AMERICANS have always prided themselves on their global trading acumen - from the days of the Yankee clipper sailing ships down to the jet aircraft and computer export sales of recent years.
But now is not the time for basking in the glow of past commercial success. Rather, export markets should be protected and new ones built.
The current US merchandise trade deficit - $12.2 billion alone during April, up 18 percent over the prior month - represents a long-range challenge to America's world commercial preeminence during the remainder of this century. Just ask any trader: Export markets once lost are not easily regained. Moreover, the trade imbalance represents an equally serious challenge to the overall US economy in terms of lost jobs and declining industries. Rising demands for import protection, which work against global trade, could crimp the world recovery.
Many economists now expect this year's trade deficit to be in the range of $ 100 billion or more, compared with a record trade gap (imports over exports) of
Yet, given some strong action at home, such gloomy results need not occur:
* Washington must reduce the massive federal budget deficits, which help keep interest rates high. High interest rates put upward pressure on the dollar, which in turn works against US export sales abroad. An overstrong dollar makes US goods more expensive vis-a-vis overseas goods, thus promoting imports.
Domestic interest rates are already hitting levels that many economists had not expected until later this year or next year. The higher rates stem from a combination of belt-tightening by the Federal Reserve Board plus competition for credit between the federal government seeking to finance deficits and commercial firms seeking to expand sales or upgrade facilities.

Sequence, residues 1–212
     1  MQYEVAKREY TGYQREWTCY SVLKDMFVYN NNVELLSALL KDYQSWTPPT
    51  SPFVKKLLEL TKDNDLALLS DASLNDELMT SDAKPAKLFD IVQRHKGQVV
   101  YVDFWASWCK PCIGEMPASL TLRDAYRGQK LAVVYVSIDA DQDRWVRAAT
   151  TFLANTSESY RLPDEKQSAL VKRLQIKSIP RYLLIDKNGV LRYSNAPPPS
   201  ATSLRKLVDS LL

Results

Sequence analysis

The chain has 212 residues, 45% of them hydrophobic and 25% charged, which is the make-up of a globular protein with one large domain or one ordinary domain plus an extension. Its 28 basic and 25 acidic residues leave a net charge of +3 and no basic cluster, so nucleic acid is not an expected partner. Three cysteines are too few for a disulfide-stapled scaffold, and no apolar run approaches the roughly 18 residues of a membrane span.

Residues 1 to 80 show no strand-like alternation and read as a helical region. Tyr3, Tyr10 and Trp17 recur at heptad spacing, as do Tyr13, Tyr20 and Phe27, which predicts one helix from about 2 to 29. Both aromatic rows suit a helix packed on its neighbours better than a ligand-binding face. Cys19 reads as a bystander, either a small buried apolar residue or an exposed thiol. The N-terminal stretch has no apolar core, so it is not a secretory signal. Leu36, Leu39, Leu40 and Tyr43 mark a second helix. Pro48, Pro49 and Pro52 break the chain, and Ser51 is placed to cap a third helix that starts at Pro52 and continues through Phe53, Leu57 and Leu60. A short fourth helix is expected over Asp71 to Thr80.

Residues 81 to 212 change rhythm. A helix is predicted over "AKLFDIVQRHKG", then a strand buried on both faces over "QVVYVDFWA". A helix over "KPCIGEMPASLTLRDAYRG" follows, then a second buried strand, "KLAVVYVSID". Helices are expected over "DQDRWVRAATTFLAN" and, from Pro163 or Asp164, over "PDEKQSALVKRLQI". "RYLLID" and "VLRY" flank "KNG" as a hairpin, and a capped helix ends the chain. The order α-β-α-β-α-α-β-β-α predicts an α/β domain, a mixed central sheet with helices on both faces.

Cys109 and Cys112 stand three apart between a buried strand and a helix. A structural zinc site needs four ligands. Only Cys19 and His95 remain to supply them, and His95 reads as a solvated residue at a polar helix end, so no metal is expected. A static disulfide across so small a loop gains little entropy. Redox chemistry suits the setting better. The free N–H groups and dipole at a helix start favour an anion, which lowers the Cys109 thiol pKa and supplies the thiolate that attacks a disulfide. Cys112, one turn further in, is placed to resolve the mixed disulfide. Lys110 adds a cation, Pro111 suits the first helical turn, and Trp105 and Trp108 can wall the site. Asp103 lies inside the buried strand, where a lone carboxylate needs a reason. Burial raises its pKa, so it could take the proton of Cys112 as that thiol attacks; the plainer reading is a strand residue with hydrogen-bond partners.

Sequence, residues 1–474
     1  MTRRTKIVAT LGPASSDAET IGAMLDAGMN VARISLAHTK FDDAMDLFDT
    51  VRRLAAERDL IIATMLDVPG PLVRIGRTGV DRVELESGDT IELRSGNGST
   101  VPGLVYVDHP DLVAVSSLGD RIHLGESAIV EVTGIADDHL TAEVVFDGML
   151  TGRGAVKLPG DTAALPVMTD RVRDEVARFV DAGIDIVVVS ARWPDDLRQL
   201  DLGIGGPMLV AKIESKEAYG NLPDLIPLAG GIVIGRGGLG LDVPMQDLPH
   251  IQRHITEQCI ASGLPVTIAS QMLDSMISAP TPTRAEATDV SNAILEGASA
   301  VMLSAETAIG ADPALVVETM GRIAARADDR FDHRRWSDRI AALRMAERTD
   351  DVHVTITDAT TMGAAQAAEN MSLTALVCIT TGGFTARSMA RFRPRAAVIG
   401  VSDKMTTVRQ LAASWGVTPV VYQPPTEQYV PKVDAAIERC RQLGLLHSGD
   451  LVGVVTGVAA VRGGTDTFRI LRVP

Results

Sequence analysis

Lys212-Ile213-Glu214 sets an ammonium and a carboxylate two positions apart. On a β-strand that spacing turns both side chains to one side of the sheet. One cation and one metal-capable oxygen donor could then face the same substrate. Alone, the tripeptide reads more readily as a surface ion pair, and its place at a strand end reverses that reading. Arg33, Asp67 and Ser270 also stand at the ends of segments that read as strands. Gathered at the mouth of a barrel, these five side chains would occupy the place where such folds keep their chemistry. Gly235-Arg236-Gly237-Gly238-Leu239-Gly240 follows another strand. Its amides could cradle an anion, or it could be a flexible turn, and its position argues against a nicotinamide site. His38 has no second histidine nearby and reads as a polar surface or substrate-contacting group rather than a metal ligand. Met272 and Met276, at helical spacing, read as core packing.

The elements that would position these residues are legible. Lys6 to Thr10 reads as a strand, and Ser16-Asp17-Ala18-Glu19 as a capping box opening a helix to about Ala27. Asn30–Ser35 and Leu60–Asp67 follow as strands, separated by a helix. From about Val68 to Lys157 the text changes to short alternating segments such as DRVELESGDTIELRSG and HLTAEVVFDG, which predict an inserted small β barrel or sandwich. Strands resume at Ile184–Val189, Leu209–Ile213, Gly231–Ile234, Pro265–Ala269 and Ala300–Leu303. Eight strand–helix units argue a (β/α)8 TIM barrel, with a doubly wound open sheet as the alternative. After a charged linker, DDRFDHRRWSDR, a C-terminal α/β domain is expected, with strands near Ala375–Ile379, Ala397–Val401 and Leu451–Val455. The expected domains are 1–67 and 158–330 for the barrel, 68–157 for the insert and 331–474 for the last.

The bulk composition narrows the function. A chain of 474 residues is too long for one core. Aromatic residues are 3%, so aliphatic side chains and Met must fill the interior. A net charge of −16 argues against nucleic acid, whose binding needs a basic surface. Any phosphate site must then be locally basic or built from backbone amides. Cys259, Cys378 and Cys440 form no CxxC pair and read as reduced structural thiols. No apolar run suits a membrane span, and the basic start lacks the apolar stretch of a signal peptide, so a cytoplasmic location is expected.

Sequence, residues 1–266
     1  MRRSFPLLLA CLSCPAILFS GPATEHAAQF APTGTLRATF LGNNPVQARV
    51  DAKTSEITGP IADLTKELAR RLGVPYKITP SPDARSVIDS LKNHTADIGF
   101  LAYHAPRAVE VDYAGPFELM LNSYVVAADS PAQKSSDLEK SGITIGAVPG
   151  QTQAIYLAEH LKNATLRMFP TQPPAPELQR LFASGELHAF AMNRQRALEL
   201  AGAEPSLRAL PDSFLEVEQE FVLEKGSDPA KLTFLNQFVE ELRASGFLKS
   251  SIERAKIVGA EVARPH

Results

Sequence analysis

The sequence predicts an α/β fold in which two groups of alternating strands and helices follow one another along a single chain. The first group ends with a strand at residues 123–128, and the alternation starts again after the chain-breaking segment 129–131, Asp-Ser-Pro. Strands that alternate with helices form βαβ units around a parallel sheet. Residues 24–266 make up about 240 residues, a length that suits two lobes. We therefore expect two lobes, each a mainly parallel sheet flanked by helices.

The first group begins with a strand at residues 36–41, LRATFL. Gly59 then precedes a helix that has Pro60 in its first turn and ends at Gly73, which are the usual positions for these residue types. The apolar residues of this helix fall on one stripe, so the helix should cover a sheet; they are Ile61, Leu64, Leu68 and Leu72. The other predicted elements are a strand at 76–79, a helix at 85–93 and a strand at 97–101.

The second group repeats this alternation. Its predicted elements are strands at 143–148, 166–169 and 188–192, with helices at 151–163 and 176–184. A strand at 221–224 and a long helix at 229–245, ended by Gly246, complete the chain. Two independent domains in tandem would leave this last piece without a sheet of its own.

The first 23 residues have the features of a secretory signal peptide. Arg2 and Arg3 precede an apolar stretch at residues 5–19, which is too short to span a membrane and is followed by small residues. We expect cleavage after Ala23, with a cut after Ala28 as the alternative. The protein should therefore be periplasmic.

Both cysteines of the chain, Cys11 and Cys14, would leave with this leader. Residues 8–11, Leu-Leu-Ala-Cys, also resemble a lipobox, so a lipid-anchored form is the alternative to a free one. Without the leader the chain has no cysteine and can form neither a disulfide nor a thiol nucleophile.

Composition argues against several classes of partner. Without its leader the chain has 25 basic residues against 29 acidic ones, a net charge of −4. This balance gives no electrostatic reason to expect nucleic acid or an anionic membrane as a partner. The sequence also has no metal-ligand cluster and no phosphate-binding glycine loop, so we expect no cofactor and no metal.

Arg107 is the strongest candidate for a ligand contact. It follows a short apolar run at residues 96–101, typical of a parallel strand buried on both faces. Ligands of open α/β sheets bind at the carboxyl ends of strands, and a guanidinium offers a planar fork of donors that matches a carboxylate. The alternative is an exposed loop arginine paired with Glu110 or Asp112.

In that regard, the budget deficit packages now winding their way through Congress - while important symbolically - will not be enough to reduce the federal deficits to acceptable levels. The first order of priority for the new White House and Congress next year must be a no-nonsense deficit-reduction agreement.
* Federal trade-related agencies must step up efforts to hold existing US export markets, while seeking new markets. Smaller and medium-sized firms must be helped to become more export-oriented.
* Congress should consider legislation that would consolidate into one agency all trade departments and offices that are scattered throughout the government.
What's happening out in the trading world, it should be underscored, is a month-by-month increase in the US merchandise trade deficit (in other words, products) that is overpowering a continued trade surplus in services and farm products, although the farm surplus itself is now gradually shrinking.
In manufactured goods, the United States has swung from a surplus in the years 1979 to 1981 to deficits starting in 1982 and continuing to the present. Over this latest three-year period, according to Data Resources Inc., imports of manufactured goods soared 60 percent. Exports fell 10 percent.
Another way to look at this important shift - from a surplus in exports of manufactured goods to a deficit - is in terms of jobs. According to DRI, the decrease in real net exports from the summer of 1980 to the beginning of 1984 has meant a loss to the American work force of - here's the rub - almost 3 million jobs.
It's time to start saving jobs. That means safeguarding - and expanding - US and global trade.